Wednesday, February 16, 2011

Time and Place: Winter Quarterly Fundraiser, 2011

Dymphna's Stove

Last year: Heat and Light

Seems like 2011 just got here and it’s zipping by. Already I’m running after January yelling, “Wait for me!” But the months never stop; they just keep rolling on down the track.

Last year’s February fundraiser concerned our brush with mortal cold during the infamous electric power outage. We were left in a darkness colder than any I ever remember — or want to experience again. Being a Southern girl, I don’t mind the warm darkness at all. It’s the 18°F ice-cold sheets that call up intimations of the eternal aspects of mortal winter.

Thanks to the generosity of our readers, those days will remain a memory. To paraphrase Scarlett O’Hara, “I shall never be that cold again”…

…though it took some time to come up with the best way (read “cheapest way”) to guarantee a warm outcome. After considering and rejecting various solutions to ward off another chilling experience, we settled on the simplest, cheapest way in from the cold: we’re cooking with gas (as the old advertisement used to say). All it required was the installation of a propane line from a tank outside (behind the rhododendrons) through the crawl space and in under our kitchen floor where the electric stove used to reside. Now, in its place sits a brand new bottom-of-the-line gas cook stove.

Most gas ranges have electronic gizmos controlling the pilot light. When the electricity goes off, so does the stove. Not exactly what I had in mind. With this one, there is a manual pilot light — gasp, you actually have to light it the first time with a match! How’s that for roughing it? Hey, we’re pioneers out here in the woods.

The salesman had a hard time with my choice. He kept reminding me that it didn’t have a clock. I kept telling him that if I could I’d do away with clocks on my appliances and have one on the wall just like they did in the old days…

This solution harkens back to my childhood: a plain white porcelain gas stove (I’ll bet the metal and porcelain are more fragile now than they were back then). On cold winter mornings in Florida (and we had a few), Mother would light the stove to warm the kitchen for breakfast. It was never cold enough to freeze the pipes at our house, but the cold bedroom ensured that we got dressed in record time during what passed for “Winter” in Florida. Of course, now with Global Warming running amok down south, there are plenty of cold spots and freezes in Florida these days.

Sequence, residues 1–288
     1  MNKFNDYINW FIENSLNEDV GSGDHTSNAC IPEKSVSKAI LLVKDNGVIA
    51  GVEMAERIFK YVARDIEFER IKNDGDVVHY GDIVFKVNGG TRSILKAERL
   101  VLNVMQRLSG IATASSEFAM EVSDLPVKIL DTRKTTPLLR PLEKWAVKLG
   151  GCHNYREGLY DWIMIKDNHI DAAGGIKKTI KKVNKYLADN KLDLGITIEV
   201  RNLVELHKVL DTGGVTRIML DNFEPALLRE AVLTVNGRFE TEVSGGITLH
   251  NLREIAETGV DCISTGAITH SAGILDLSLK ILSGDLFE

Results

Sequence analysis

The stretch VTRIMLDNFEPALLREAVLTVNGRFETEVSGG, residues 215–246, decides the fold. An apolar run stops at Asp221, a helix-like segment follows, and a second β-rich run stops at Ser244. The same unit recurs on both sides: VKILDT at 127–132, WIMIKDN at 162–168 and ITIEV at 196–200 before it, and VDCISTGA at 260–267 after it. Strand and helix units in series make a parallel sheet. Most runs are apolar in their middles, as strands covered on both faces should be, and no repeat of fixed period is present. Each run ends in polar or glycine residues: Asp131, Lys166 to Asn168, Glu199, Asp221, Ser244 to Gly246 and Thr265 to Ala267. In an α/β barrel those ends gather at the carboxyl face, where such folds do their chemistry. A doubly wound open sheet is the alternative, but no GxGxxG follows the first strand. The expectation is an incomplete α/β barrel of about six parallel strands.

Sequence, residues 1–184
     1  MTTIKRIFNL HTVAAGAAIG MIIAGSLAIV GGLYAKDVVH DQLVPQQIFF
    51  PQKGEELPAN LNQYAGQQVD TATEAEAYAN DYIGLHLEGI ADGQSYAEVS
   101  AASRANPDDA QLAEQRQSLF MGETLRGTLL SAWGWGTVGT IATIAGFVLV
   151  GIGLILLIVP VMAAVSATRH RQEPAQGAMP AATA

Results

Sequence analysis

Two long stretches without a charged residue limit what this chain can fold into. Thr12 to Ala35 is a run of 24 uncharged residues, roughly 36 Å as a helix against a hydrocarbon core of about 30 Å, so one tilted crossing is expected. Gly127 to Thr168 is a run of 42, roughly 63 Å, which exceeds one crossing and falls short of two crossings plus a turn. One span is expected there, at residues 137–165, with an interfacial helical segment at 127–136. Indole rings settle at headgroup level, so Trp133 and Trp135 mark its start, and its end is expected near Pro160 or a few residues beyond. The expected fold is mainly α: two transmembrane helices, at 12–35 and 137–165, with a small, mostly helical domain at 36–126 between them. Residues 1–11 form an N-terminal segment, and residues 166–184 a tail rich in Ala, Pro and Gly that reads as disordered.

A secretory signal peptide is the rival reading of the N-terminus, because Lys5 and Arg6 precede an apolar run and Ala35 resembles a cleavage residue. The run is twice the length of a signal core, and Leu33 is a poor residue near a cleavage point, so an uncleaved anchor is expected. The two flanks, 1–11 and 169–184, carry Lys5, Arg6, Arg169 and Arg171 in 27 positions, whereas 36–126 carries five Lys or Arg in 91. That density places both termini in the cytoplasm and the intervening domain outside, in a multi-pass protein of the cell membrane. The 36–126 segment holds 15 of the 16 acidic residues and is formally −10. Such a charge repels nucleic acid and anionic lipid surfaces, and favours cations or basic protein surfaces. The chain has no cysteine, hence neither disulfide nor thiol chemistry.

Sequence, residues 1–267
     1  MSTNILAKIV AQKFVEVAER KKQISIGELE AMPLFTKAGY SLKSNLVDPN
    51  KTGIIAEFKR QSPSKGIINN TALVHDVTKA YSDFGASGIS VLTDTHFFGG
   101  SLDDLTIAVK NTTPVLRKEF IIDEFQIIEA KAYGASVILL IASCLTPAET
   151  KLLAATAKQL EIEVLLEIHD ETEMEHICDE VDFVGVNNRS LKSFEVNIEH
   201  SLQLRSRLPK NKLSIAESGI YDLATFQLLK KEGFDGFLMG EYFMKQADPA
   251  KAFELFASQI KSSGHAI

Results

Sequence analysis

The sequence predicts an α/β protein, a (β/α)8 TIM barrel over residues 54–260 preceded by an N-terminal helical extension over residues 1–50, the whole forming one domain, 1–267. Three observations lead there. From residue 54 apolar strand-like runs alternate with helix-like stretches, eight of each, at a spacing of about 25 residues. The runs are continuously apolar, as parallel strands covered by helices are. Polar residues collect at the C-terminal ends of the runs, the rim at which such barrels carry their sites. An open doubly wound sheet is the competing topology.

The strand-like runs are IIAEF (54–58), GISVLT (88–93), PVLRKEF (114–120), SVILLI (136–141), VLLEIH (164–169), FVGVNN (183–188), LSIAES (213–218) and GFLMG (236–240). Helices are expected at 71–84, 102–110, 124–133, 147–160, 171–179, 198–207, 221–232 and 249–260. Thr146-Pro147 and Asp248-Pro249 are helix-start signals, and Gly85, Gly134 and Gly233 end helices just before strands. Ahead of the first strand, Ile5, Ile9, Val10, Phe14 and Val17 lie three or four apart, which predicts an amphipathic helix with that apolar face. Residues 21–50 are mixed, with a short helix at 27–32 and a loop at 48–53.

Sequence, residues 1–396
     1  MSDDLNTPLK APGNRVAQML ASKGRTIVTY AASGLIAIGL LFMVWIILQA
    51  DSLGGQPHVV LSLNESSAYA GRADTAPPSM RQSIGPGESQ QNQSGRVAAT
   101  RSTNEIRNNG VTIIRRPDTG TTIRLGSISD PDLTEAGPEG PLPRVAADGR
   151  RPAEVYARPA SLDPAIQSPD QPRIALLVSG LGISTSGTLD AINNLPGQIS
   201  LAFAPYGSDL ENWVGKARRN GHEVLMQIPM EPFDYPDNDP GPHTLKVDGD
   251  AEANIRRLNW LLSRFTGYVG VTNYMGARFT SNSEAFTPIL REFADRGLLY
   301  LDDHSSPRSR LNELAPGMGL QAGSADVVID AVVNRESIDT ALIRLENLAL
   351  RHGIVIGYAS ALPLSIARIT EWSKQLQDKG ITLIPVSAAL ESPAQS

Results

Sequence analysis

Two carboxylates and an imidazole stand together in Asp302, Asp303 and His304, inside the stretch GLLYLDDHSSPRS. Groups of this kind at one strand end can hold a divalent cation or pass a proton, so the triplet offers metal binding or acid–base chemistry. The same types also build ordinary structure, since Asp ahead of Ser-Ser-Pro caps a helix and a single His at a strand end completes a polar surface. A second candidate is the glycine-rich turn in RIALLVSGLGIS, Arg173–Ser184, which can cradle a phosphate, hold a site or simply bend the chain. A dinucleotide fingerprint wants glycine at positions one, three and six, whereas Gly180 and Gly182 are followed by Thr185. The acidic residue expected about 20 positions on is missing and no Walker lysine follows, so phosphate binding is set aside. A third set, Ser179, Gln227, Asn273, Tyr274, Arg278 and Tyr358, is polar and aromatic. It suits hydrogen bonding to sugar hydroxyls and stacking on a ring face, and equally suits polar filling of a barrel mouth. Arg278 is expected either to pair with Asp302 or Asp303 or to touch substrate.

Tip jarOur other solutions for the cold weather are more insulation on some of the older windows and putting up a storm door on one of the entrances. In addition, another storm door needs to be repaired or replaced. It’s a small door (perhaps built by short people?), and off-the-rack storm doors don’t come that short. We had one cut down to fit it back when the Baron was working, but that fix didn’t last. So another carpenter is coming to install yet another door or attempt to fix the one that’s there.

The entrance at the very back of the house never had a storm door. If I remember correctly, when we had that handicapped room built for my mother’s living with us, we decided a storm door would be too hard to maneuver around with a wheel chair. The steel door they installed instead was proof against the cold for many years but it’s warped a bit so we need another layer of insulation now.

There are smaller corrections, too: a down comforter, warm caps, hot water bottles (now that we have a gas stove to heat the water!), and a blanket to insulate the refrigerator in the case of a longer outage. I found a good lantern, a battery-powered radio, and stocked up on canned food. This is in case we get snowed in for any length of time.

If our electric cooperative’s stories are correct, the cost of heating or cooling our home is going to go up steeply in 2012. This is due not only to the rise in the costs of fuel, but also to the pipe-dream standards our Fearless Leader has imposed on the utility companies. Fourteen percent of their fuel must be “renewable energy” — a good idea, but these utopian “renewables” are in very short supply and nowhere near enough to meet these rules for everyone. In fact, the methods for producing renewable energy are in even shorter supply. It wouldn’t be so maddening if we didn’t know that Obama keeps his living quarters at 74°F in the Winter. His excuse? He’s from Chicago and he’s used to having warm housing.

So we’re looking for ways to cut down, cut out, cut back on our electric usage. And we’ll be looking even harder come this time next year…air conditioning may become a rarity. We’ll do what we did in the old days: go down to the river to cool off in the evenings.

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This Year: A Sense of Place